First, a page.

Baltimore coach John Harbaugh celebrates last week in San Diego.
By Gerry Dulac Pittsburgh Post-Gazette
For years to come, the mere mention of the phrase will remind the Baltimore Ravens faithful of where they were or what they were doing at that moment.
But the phrase will represent more than a moment, more than the day Ray Rice, with one of the great individual efforts of the 2012 season, found a way to turn a most-improbable situation into another Ravens victory. It will represent a mindset, a mantra, a way of professional life.
It won't rank up there with The Catch, The Drive, The Fumble or even The Ice Bowl. And it surely won't come close to equaling the play that, 40 years later, still ranks as the greatest in National Football League history -- the Immaculate Reception.
But, in the pantheon of Ravens history, fourth-and-twentynine will serve to crystallize just what the franchise with the Barney colors has been about in the John Harbaugh era:
That the Ravens have an uncanny penchant for finding ways to win.
This is not a foreign concept to the Steelers. They have exhibited the same quality for years, most recently during their run to the Super Bowl in 2010. But they have also witnessed and served as victims to what it is that the Ravens do so alarmingly well, especially in their past three meetings at Heinz Field.
They are hoping they do not see it again today when the teams meet for the second time in three weeks at M&T Bank Stadium in Baltimore. If they do, the Steelers will be eliminated from having any chance to win the AFC North title.
"Really, if you look at what happened this past weekend, it's really a capsule of what they are capable of," Steelers coach Mike Tomlin said. "It's really just a snapshot of what the Ravens have been about this year. They have found ways to win. That's what winning teams do. We better be prepared to match that level of intensity and camaraderie."
A total war play
That's what the Ravens faced last week from their own 37-yard line, trailing the San Diego Chargers, 13-10, with 1:59 remaining.
Rice took a dump pass from quarterback Joe Flacco, started up the right side of the field and cut across the middle. With eight Chargers defenders between him and the first-down marker, including three directly in front of him, Rice somehow managed to make all of them miss before being tackled at the Chargers 34.
The conversion kept the drive alive and allowed Justin Tucker to send the game into overtime with a field goal. The Ravens won the game in overtime on another Tucker field goal.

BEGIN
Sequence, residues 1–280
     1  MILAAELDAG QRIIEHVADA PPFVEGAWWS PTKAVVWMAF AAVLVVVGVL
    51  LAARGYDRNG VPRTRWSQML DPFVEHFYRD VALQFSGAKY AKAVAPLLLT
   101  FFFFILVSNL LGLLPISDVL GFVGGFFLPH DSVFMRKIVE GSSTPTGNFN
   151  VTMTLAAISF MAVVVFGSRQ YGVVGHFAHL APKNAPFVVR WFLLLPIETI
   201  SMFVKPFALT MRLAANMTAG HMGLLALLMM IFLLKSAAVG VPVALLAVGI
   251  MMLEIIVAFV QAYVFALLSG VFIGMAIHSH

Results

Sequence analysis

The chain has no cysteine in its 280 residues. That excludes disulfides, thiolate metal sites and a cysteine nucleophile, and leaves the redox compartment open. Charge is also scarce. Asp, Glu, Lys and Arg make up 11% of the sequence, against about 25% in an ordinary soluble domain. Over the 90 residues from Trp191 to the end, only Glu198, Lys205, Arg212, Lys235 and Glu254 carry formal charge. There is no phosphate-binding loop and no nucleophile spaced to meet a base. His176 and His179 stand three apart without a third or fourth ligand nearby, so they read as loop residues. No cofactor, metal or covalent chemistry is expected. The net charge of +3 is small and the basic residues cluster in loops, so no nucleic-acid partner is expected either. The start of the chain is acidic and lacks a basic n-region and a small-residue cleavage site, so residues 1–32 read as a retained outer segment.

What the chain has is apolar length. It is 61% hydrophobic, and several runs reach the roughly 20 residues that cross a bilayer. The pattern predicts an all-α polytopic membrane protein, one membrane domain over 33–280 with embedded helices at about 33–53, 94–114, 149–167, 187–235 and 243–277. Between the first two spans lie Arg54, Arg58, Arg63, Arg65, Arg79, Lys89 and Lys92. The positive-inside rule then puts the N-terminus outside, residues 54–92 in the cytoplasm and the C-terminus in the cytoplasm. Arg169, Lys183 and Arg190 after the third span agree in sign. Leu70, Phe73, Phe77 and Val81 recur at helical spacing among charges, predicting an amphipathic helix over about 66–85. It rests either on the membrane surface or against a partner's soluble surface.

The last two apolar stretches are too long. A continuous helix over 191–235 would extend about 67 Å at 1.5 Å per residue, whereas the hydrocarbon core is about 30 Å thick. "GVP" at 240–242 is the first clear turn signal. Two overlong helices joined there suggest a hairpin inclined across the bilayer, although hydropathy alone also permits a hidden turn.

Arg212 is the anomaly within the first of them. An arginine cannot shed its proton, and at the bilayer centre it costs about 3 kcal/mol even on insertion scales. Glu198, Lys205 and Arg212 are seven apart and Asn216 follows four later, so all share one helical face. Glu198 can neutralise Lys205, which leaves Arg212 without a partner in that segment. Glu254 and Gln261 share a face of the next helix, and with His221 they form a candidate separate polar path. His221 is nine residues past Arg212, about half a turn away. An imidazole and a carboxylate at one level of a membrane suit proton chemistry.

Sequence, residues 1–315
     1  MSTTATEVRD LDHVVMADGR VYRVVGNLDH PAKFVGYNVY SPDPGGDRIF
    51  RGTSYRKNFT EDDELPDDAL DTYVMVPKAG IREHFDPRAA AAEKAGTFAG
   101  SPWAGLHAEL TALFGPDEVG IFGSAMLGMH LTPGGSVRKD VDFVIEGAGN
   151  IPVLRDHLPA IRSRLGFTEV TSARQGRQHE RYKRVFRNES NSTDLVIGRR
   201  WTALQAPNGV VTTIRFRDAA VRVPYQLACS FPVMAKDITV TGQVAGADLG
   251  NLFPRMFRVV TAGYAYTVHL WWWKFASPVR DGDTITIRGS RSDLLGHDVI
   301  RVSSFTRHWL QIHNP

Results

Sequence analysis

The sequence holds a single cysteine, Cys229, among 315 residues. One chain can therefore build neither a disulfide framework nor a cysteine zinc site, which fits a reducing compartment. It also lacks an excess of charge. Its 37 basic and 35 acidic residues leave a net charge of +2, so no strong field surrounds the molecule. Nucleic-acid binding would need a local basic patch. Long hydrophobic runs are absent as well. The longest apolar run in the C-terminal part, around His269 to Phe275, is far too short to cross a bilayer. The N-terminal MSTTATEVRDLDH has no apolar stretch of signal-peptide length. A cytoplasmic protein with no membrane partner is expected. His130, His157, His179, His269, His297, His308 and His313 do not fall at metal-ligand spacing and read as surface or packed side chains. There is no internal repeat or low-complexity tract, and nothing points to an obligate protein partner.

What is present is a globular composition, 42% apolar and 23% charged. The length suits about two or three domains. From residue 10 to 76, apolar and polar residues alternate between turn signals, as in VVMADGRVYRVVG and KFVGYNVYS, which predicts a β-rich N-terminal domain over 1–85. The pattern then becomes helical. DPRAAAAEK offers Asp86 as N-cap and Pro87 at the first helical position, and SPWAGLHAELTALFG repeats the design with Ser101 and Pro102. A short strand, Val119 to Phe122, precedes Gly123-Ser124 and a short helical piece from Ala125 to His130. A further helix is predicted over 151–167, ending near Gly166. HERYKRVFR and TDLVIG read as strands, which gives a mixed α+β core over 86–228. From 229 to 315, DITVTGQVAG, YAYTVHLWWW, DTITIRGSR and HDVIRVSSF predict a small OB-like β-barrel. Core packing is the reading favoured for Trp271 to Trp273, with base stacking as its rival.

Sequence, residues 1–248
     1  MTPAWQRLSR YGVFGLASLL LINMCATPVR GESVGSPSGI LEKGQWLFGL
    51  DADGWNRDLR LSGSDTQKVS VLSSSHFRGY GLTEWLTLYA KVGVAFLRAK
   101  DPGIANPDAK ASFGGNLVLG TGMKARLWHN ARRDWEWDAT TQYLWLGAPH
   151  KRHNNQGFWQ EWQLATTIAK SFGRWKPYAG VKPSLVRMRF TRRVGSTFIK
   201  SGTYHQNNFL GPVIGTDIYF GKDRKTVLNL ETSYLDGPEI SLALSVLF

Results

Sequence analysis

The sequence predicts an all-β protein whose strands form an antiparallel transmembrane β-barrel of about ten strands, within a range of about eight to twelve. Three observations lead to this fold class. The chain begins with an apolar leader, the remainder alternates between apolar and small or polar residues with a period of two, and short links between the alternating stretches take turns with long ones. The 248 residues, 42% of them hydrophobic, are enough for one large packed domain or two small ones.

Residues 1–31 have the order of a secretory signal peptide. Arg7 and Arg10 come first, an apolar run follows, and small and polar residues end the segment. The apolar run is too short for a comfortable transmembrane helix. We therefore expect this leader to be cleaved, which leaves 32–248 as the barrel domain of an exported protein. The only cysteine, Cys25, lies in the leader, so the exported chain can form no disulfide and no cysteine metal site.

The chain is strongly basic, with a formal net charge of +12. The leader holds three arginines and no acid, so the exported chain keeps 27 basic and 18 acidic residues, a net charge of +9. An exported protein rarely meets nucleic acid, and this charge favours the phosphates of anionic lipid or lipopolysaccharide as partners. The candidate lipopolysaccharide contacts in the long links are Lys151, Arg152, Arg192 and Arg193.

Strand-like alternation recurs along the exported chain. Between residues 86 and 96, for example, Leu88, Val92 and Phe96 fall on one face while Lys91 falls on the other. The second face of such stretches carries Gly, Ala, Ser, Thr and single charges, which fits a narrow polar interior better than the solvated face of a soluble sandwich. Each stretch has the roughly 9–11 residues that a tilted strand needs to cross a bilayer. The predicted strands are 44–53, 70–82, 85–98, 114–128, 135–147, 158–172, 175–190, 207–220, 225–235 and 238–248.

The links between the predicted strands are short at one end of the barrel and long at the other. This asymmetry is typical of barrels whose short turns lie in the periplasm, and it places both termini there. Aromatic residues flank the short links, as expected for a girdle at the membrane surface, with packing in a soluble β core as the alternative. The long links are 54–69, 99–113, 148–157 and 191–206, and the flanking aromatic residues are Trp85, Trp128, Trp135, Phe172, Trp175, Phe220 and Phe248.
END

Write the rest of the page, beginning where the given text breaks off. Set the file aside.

According to ESPN Stats and Info, it was the longest first-down conversion without a penalty since the Buffalo Bills converted a fourth-and-34 in 2001.
Linebacker Terrell Suggs said on Twitter, "It was one of the most amazing plays I've ever seen in a football game."
"It was a total war play," Rice said earlier in the week. "I just tried to make a play, which is something I've always tried to do since I became a Raven. It got set up by many different things, Anquan Boldin's block, and I tried to give just a little more effort to try to get the first down afterwards."
The Ravens have been doing that all season, which is why they carry a 9-2 record into today's game. They've done a good job of finding ways to win against the Steelers, especially the past three games at Heinz Field. To wit:
• In 2010, after the Ravens forced a three-and-out against Charlie Batch, Flacco completed three consecutive passes and threw an 18-yard touchdown to T.J. Houshmandzadeh with 38 seconds remaining for a 17-14 victory.
• Last year, Flacco threw a 26-yard touchdown pass to Torrey Smith with 8 seconds remaining to cap a 92-yard, 13-play drive and beat the Steelers, 23-20.
• And, two weeks ago, in a game in which they managed just 200 yards offense and 12 first downs, the Ravens pulled out a 13-10 victory when Jacoby Jones scored their only touchdown on a 63-yard punt return.
Finding ways to win is essential in this rivalry because nine of the past 12 meetings have been decided by six points or fewer. The Ravens are 5-4 in those nine games.
"I think we are just growing up as a team," Rice said. "We've been on the other end of the situation where we found ways not to pull it out. The growth and maturity of this team, we are just finding ways to win games. ...